- Author: Melissa G. Womack
Soil quality is critical to healthy plants and is a vital part of our living ecosystem. Soil is alive with organisms; their populations change depending on what is added, how the soil is used, and environmental conditions. Soil health, much like our own, is best improved gradually over time so focusing on regular or constant improvement helps achieve and sustain soil health. Do you have a soil problem in your garden? Below are some of the most common soil problems and how to fix them.
First, it is important to know what type of soil you have. According to the UC Master Gardener Handbook, good soil is 25% Air, 25% Water, 5% Organic Matter and 45% Mineral Matter. Soils are classified by the size of soil particles. Soil Particles range from large or “Sandy” to medium or “Loamy” to very fine or “Clay” with Loam being considered the best for growing plants. Get to know your soil and soil type with tips from the UC Master Gardener Program of Marin County.
Common home garden soil problems:
- Over-watering –Check your soil, is it soggy? If yes, you may be overwatering your plants. Heavy watering can drown plants when the soil becomes too saturated and forces out vital oxygen. Once you know your soil type, you can test your soil moisture to see if it is above capacity using the “Estimating soil water by feel” table.
- Over fertilizing – Plants primarily get their nutrients from soil and from added amendments (such as finished compost.) Some nutrients might also come from water. Most ornamental plants get what they need for healthy growth on their own, so gardeners should watch plants for signs they need to be fertilized instead of automatically applying based on a schedule. Food gardens on the other hand can benefit from regular application of Nitrogen.
Signs of over fertilizing:
- Crust of fertilizer on top of soil
- Brown leaf tips
- Yellow, wilting lower leaves
- Brown or black roots
- Slow or no growth
- Leaves falling off
- Poor soil tilth – Soil tilth refers to a soil's texture, structure, and organic matter content. Good soil tilth supports healthy root growth, water movement through the soil, introduction of air into the soil, and beneficial microorganisms. Poor soil tilth lacks these things and appears quite lifeless. Maintain good soil tilth by avoiding soil compaction, aerating soil, avoiding tilling, using green-waste as a garden top-dressing for your soil, and mulching.
- Nematodes and soil-borne diseases– Nematodes are microscopic, eel-like round worms. The first sign of a nematode infestation will include wilting during the hottest part of the day, even with adequate soil moisture. Infected plants might lose their vigor and have yellowing leaves, will grow more slowly, produce fewer and smaller leaves and fruit, and may die.Soil contains many other living organisms, including plant pathogens and diseases that attack plants. If you suspect a soil-borne pest or disease UC Integrated Pest Management (IPM) is a wonderful resource to help identify and get information on next steps.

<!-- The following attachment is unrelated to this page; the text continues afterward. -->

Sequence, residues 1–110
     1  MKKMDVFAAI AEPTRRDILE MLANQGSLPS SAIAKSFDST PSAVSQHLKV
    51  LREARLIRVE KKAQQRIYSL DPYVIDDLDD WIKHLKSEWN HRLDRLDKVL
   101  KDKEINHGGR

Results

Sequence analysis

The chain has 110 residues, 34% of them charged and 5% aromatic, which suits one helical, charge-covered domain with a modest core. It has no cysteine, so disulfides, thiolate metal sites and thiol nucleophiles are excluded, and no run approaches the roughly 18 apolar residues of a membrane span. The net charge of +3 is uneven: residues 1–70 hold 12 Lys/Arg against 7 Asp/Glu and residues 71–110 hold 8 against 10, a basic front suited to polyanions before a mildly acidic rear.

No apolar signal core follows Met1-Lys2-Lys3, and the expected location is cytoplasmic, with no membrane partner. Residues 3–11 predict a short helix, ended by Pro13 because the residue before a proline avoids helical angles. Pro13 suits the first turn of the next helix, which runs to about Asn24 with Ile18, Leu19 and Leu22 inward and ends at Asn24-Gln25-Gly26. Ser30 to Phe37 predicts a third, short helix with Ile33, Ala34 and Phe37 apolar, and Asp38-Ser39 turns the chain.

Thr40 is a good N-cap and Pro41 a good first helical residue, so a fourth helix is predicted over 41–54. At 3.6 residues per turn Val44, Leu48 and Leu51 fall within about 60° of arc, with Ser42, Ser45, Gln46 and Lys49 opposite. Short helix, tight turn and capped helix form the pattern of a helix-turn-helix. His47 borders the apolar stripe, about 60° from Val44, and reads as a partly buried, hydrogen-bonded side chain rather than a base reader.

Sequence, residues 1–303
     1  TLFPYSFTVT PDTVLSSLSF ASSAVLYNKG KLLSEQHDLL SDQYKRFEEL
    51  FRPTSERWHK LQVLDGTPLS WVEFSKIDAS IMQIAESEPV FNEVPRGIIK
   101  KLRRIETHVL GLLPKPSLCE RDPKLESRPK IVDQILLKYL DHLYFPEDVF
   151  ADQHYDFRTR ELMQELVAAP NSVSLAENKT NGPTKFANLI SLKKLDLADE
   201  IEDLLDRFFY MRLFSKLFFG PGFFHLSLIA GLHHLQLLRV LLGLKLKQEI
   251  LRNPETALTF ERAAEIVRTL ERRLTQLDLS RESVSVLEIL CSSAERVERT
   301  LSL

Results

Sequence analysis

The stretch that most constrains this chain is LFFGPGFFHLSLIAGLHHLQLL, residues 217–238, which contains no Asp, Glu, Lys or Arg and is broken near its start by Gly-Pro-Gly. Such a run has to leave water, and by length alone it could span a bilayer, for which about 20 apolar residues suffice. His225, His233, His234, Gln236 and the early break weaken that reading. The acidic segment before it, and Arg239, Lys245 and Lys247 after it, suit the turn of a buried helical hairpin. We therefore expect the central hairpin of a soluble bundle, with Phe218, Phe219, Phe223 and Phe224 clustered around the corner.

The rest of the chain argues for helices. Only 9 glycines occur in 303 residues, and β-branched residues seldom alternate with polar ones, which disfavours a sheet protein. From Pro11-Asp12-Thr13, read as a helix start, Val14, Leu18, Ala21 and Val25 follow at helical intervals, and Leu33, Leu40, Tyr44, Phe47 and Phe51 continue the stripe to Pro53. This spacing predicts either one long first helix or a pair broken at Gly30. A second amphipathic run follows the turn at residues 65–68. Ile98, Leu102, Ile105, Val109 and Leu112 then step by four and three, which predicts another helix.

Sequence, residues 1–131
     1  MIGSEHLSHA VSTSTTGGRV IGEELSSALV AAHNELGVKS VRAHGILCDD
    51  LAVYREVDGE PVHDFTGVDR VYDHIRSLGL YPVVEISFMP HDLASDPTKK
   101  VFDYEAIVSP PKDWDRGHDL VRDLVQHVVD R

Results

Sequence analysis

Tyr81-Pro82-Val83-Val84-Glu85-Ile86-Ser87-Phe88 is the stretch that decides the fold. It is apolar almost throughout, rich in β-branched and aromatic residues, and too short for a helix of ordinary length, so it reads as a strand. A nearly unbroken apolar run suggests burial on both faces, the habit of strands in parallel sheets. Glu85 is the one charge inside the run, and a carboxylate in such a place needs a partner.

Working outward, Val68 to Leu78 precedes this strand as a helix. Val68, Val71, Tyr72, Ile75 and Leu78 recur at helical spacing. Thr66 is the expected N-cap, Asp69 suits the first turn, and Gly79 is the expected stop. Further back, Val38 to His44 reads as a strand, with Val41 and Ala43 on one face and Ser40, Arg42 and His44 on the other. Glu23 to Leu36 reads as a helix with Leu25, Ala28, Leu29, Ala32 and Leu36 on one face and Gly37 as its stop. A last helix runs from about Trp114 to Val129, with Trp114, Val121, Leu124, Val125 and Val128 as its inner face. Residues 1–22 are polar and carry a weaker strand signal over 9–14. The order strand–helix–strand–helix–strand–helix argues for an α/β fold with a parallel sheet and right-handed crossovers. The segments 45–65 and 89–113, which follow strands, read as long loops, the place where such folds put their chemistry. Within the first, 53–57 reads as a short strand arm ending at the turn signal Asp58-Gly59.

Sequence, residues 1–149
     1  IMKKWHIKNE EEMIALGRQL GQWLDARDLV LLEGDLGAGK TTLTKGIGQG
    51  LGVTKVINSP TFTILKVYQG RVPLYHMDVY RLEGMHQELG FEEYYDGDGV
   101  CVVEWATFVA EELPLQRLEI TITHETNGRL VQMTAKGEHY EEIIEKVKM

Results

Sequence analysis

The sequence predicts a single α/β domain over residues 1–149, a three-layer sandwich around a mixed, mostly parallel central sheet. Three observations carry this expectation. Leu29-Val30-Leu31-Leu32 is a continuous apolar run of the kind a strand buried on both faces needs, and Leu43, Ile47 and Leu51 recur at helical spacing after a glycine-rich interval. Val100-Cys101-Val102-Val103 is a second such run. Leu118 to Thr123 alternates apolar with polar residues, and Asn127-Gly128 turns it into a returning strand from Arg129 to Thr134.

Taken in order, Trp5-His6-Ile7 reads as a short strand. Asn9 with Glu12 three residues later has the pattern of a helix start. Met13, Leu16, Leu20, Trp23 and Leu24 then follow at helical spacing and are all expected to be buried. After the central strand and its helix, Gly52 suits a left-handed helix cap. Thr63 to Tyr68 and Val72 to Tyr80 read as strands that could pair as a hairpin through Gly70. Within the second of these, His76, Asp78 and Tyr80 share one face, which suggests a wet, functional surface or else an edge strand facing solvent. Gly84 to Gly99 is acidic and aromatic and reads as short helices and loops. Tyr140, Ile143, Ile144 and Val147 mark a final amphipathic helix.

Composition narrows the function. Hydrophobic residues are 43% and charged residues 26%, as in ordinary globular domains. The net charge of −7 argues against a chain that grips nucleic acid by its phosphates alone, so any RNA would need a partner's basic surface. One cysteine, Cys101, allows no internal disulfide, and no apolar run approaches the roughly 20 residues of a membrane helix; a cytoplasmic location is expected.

Ask your local UC Master Gardener Program
Growing and supporting soil health is something all of us can contribute to whether we have a full landscape to work in, a small patio, or a community garden plot. For gardening help and local county resources, click here to Find a Program. You will be redirected to your local county website and contact information. UC Master Gardener volunteers are available to help answer questions for FREE about your gardening zone, pests, composting, and the soil in your area.
Follow us all week on Facebook or Twitter, or by using the hashtags #HealthySoilsWeek2022 and #HSW2022. For more UC ANR information about healthy soils for a healthy California visit: ucanr.edu/sites/soils.
- California Garden Web: https://ucanr.edu/sites/gardenweb/Vegetables/?uid=26&ds=462
- UC Master Gardeners of Marin County, Soils Basics: https://marinmg.ucanr.edu/BASICS/SOIL_813/
- UC Master Gardeners of Tulare & Kings Counties, Nematodes in the Garden: https://ucanr.edu/datastoreFiles/268-861.pdf
|Estimating soil water by feel|
|Coarse (sand, loamy sand)||Moderately coarse (sandy or silt loam)||Medium (loam, clay loam, silty clay loam, silt, sandy clay)||Fine (clay. silty clay or light clay)|
|At field capacity contains:
(mm available moisture per meter of soil)
|SOIL MOISTURE CONTENT|
|Above field capacity||Water appears when soil is bounced in hand.||Water released when soil is kneaded.||Can squeeze out of water.||Puddles and water form on surface.|
|Field capacity||Upon squeezing no free water appears on soil but wet outline of ball is left on hand.|
|75-100% available moisture||Tends to stick together slightly. Sometimes forms a weak ball under pressure.||Forms weak ball, breaks easily, will not slick.||Forms a ball and is very pliable, slicks readily if relatively high in clay.||Easily forms a ribbon between fingers, has a slicky feeling.|
|50-75% available moisture||Appears to be dry, will not form a ball under pressure.||Tends to ball under pressure but seldom hold together.||Forms a ball, somewhat plastic, sometimes slicks slightly with pressure.||Forms a ball, ribbons out between thumb and forefinger.|
|25-50% available moisture||Appears to be dry, will not form a ball under pressure.||Appears to be dry, will not form a ball under pressure.||Somewhat crumbly, but forms a ball.||Somewhat pliable. Will form a ball under pressure.|
|0-25% available moisture||Dry, loose single-grained. Flows through fingers.||Dry, loose. Flows through fingers.||Powdery, dry, sometimes slightly crusted, but easily broken down into powder.||Looks moist but will not quite form a ball.|
|Source: Irrigation Practice and Water Management (1984)|